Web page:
Illustrating instrumental variable regressions using the career adaptability – job satisfaction relationship

TitreIllustrating instrumental variable regressions using the career adaptability – job satisfaction relationship
Type de publicationJournal Article
Year of Publication2019
AuteursBollmann, G, Rouzinov, S, Berchtold, A, Rossier, J
JournalFrontiers in Psychology
Volume10
ISSN1664-1078
Mots-clésAffect (emotion, career adaptability, causal inference, instrumental variable (IV), job satisfaction, mood, personality, personality), www
Résumé

This article illustrates instrumental variable (IV) estimation by examining an unexpected finding of the research on career adaptability and job satisfaction. Theoretical and empirical arguments suggest that in the general population, people’s abilities to adapt their careers are beneficial to their job satisfaction. However, a recent meta-analysis unexpectedly found no effect when personality traits are controlled for. We argue that a reverse effect of job satisfaction on career adaptability, originating from affective tendencies tied to personality, might explain this null effect. Our argument implies that the estimates obtained with traditional ordinary least squares (OLS) regressions are biased by endogeneity, a correlation between an explanatory variable and the error term in a regression model. When experimental manipulations are impossible, IV estimations, such as two-stage least squares (2SLS) regressions, are one possible solution to the endogeneity problem. Analyzing three waves of data from a sample of 836 adults, the concurrent and time-lagged effect of job satisfaction on career adaptability was revealed to be more consistent than the reverse. Our results provide an explanation, rooted in affective dispositions, as to why recent meta-analytical estimates unexpectedly found that career adaptability does not predict job satisfaction at the interindividual level. We also discuss IV estimation in terms of its limits, weight the interpretation of its estimates against the temporality criterion for causal inference, and consider its possible extension to analyses of change.

URLhttps://www.frontiersin.org/articles/10.3389/fpsyg.2019.01481/full
DOI10.3389/fpsyg.2019.01481

On the use of growth models to study normal cognitive aging

TitreOn the use of growth models to study normal cognitive aging
Type de publicationJournal Article
Year of Publication2019
AuteursGhisletta, P, Mason, F, von Oertzen, T, Hertzog, C, Nilsson, L-G, Lindenberger, U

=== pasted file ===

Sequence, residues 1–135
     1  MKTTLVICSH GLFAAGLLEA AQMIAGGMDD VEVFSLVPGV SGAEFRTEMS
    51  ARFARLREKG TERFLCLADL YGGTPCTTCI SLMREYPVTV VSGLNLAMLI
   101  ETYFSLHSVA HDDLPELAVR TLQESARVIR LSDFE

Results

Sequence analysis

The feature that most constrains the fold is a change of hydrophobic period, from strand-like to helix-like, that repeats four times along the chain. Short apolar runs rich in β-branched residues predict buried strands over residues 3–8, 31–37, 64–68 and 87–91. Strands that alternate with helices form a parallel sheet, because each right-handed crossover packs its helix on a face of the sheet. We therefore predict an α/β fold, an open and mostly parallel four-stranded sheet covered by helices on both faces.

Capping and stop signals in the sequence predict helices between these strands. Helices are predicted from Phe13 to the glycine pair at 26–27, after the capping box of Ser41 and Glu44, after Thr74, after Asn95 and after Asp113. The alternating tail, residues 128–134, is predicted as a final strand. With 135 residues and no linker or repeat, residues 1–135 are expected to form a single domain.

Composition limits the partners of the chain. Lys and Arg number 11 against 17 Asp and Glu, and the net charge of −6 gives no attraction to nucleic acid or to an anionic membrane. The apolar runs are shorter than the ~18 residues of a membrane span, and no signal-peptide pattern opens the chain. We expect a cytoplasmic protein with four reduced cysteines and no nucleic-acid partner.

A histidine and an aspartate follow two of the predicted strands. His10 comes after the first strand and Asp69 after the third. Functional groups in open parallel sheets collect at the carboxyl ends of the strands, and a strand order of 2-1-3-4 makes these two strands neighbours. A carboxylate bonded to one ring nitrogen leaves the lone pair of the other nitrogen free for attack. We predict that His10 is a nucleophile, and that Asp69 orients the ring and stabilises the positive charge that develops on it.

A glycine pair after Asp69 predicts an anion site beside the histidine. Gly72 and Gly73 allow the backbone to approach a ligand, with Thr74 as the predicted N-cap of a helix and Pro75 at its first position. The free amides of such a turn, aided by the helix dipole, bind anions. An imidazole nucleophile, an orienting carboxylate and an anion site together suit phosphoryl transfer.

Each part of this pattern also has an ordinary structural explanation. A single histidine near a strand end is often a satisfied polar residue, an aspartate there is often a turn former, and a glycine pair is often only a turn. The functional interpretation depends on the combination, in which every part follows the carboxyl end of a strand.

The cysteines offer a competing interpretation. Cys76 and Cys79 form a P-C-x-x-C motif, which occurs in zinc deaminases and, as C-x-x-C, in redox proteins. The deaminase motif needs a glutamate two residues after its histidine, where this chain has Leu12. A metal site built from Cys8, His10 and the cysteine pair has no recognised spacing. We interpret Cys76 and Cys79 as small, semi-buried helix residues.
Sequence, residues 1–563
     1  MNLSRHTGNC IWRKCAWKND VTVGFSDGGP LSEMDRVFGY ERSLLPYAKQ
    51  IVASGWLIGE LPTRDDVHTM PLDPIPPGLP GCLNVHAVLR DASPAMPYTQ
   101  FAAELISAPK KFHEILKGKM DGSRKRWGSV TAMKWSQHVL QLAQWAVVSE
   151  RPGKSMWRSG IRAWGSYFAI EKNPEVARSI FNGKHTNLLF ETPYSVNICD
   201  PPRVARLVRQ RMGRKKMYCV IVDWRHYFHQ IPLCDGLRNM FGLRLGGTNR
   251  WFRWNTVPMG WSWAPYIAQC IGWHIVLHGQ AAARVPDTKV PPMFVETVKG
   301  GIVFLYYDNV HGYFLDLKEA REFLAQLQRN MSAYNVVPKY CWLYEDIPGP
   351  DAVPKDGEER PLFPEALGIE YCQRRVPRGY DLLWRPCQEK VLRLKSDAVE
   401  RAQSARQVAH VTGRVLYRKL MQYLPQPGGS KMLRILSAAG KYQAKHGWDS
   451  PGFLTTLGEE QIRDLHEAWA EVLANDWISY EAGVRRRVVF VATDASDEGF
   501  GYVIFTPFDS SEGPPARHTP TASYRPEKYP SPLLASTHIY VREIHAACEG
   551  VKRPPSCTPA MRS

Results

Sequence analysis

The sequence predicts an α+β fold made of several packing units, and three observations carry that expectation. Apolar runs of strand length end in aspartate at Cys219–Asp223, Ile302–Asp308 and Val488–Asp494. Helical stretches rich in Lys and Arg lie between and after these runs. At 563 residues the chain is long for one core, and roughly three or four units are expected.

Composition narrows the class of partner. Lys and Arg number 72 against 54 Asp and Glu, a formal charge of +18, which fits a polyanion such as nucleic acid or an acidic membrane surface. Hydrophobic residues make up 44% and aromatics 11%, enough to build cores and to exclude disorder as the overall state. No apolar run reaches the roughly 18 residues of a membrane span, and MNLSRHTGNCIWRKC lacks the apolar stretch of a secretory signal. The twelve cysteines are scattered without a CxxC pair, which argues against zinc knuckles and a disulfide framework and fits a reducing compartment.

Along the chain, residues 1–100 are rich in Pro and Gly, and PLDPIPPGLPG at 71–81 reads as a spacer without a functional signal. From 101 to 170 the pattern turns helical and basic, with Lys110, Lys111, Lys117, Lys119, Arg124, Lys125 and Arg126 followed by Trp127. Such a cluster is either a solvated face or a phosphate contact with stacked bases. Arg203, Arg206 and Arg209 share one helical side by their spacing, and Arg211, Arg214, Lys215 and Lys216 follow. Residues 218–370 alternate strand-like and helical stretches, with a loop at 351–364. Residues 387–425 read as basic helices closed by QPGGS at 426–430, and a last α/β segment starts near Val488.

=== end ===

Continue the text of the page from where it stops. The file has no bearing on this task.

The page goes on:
JournalInternational Journal of Behavioral Development
ISSN0165-0254
Mots-cléswww
Résumé

Growth models (GM) of the mixed-effects and latent curve varieties have become popular methodological tools in lifespan research. One of the major advantages of GM is their flexibility in studying individual differences in change. We scrutinized the change functions of GM used in five years of publications on cognitive aging. Of the 162 publications that we identified, 88% test linear or quadratic polynomials, and fewer than 5% apply functions that are nonlinear in their parameters, such as exponential decline. This apparent bias in favor of polynomial decomposition calls for exploring what conclusions about individual differences in change are likely to be drawn if one applies linear or quadratic GMs to data simulated under a conceptually and empirically plausible model of exponential cognitive decline from adulthood to old age. Hence, we set up a simulation that manipulated the rate of exponential decline, measurement reliability, number of occasions, interval width, and sample size. True rate of decline and interval width influenced results strongly, number of occasions and measurement reliability exerted a moderate effect, and the effects of sample size appeared relatively minor. Critically, our results show that fit statistics generally do not differentiate misspecified linear or quadratic models from the true exponential model. Moreover, power to detect variance in change for the linear and quadratic GMs is low, and estimates of individual differences in level and change can be highly biased by model misspecification. We encourage researchers to also consider plausible nonlinear change functions when studying behavioral development across the lifespan.

URLhttps://doi.org/10.1177/0165025419851576
DOI10.1177/0165025419851576
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Age differences in day-to-day speed-accuracy tradeoffs: Results from the COGITO study

TitreAge differences in day-to-day speed-accuracy tradeoffs: Results from the COGITO study
Type de publicationJournal Article
Year of Publication2018
AuteursGhisletta, P, Joly-Burra, E, Aichele, S, Lindenberger, U, Schmiedek, F
JournalMultivariate Behavioral Research
Volume53
Nombre6
Pagination842–852
ISSN0027-3171
Mots-clésCOGITO, multilevel vector autoregressive model, reaction time, speed-accuracy tradeoff, www
Résumé